Pokémon Dashboard

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My magnum poké-us

We all have our little quarantine projects. I’ve had a few. Reorganizing the cluttered tupperware in our cabinets. Getting the furniture in a spare bedroom ready for our new son in November. My more frivolous project has been installing a Pokémon themed display on my dashboard.

I started off simple. I wanted the display to be modular, so I could move the Pokémon around or play with them (not while driving). That meant instead of super-gluing the figurines directly to the dashboard, I would glue them to metal washers. I glued ceramic magnets to the dashboard (all using heat-resistant epoxy so it won’t soften in the summer heat). Then the Pokémon could be moved around to create different displays. I can even switch the Pokémon out entirely if I want and put in some other type of figurine!

So that looked good. It was fun. I liked it. But the dashboard was still a boring black color. How could I spice it up?

I looked around for dashboard decals. Some car models have them, but they’re rare and often mono-colored. I wanted something more like a natural landscape.

I was at a friend’s house playing boardgames when I saw their fish tank. They had a sticker on the back with an underwater seaweed scene on it. Fish tanks have natural backgrounds! I could use one of those as a dashboard sticker! I’d just have to cut it to form decals in the right shapes.

Next problem I encountered while looking at fish tank background stickers. I shouldn’t have been surprised at this, but all of them are clearly underwater scenes. I found only one background that wasn’t obviously a water scene, but it came as a vinyl sheet. No adhesive to attach it with.

So, I had to find a heat-resistant paintable glue that would attach a vinyl sheet to a plastic dashboard. I went to the hardware store and found contact cement. It’s paintable, heat-resistant, permanent, and a pain in the ass to use, but it did what I needed to do.

I spent the next few weeks cutting the vinyl sheet up, painting the cut section with contact cement, and gluing it down. I had to go slowly. Each section needed to be small to minimize wrinkles caused by gluing a flat sheet to an uneven surface. I could only do one section at a time because the sections were slippery until the contact cement set. Trying to glue a section down to one that hadn’t dried yet meant that the first section would slide out of place.

My plan was to have all the Eeveelutions as my Pokémon. That included Gigantamax Eevee, but there’s no cool figurine of it.

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I am become cuteness, lover of cuddles. ❤

I found a clay figurine on Etsy. In between car gluing sessions I spiced up the big Eevee by adding a thin layer of fluorescent red paint to it and putting a halo of red balls around its ear using resin.

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Not bad. Not great, but not bad.

And then I took a few pictures and a video and bragged about it.

All seemed good for a few weeks. Then the Gigantamax Eevee began to turn an ugly greenish color. I think the fluorescent paint got bleached by the sun. It looked like a sick animal instead of the centerpiece to my art.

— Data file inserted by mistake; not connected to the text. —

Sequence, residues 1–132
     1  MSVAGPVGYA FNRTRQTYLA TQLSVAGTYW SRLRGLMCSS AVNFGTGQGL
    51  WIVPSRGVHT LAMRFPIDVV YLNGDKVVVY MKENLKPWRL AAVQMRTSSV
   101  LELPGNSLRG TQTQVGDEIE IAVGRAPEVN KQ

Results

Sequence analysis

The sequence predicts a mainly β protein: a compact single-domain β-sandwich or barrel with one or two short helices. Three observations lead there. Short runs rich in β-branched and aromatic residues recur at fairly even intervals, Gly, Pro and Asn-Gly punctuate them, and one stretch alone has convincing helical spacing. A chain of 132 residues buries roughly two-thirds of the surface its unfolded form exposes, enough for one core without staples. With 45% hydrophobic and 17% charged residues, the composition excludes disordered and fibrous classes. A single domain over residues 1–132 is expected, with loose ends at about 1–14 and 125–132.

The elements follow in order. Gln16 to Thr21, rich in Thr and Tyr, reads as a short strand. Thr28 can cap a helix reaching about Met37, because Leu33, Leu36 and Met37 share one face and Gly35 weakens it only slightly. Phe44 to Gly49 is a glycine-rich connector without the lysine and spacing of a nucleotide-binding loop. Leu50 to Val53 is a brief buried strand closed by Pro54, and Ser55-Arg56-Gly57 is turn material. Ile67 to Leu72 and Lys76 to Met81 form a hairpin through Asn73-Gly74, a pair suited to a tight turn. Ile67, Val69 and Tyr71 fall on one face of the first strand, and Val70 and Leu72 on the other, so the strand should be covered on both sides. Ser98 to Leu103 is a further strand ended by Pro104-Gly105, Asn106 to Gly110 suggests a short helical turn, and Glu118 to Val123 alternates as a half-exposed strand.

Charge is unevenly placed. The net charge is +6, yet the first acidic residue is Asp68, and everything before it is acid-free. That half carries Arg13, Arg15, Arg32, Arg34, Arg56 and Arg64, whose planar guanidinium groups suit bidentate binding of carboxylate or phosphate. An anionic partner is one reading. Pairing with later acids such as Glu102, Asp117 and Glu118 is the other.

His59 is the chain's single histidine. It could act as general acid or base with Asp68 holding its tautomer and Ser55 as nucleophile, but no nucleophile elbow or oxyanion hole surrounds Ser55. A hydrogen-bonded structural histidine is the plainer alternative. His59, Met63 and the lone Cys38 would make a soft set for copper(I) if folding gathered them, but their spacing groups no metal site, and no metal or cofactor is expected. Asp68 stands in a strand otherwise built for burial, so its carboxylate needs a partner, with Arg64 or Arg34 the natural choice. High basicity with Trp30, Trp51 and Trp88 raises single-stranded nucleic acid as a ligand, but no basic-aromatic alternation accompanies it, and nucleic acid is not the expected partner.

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Green is for Grass Pokémon, not Normal types!

I took sick Eevee of my car and started thinking of a replacement. I settled on an Ash Ketchum figurine (actually Red, but whatever). He’s a bit bigger than the Eeveelutions, so he can still fit right in as the centerpiece.

I got the Ash figurine as a Father’s Day present. The figurine itself is modular with different legs, arms, faces, and hands to make all sorts of poses. It can’t stand in its own so it comes with a plastic base to mount the figurine on. I glued a washer to the base and put him in the car.

Ash promptly fell over in the car on the first turn. The base wasn’t securely attached with one washer. Easy fix, I glued more magnets down to the dashboard and put more washers on Ash.

This time Ash stayed upright for a few blocks before he wiggled himself off the plastic base. I could’ve glue him to the base, but that would ruin the modularity of his poses.

Which led me to more magnets! If I got some really tiny magnets I could glue them inside the fixture that connects Ash to the base. Then the magnetic force would overpower and wiggles caused by driving!

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Step One: Marvel at how small these magnets are.
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Step Two: Check to make sure the magnets are small enough to fit into Ash’s back cavity.
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Step Three: Epoxy those magnets onto Ash and his backpack. Make sure they’re in the correct orientation so they attract each other!
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Step Four: Let the glue set and then check your work! The sharpie is for labeling one side of the magnets to keep track of their orientation. The magnets are stored in the Ziploc bag away from children.

And it worked! The magnets held up and Ash is secure on the dashboard. My project is complete!

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Look at that happy face!

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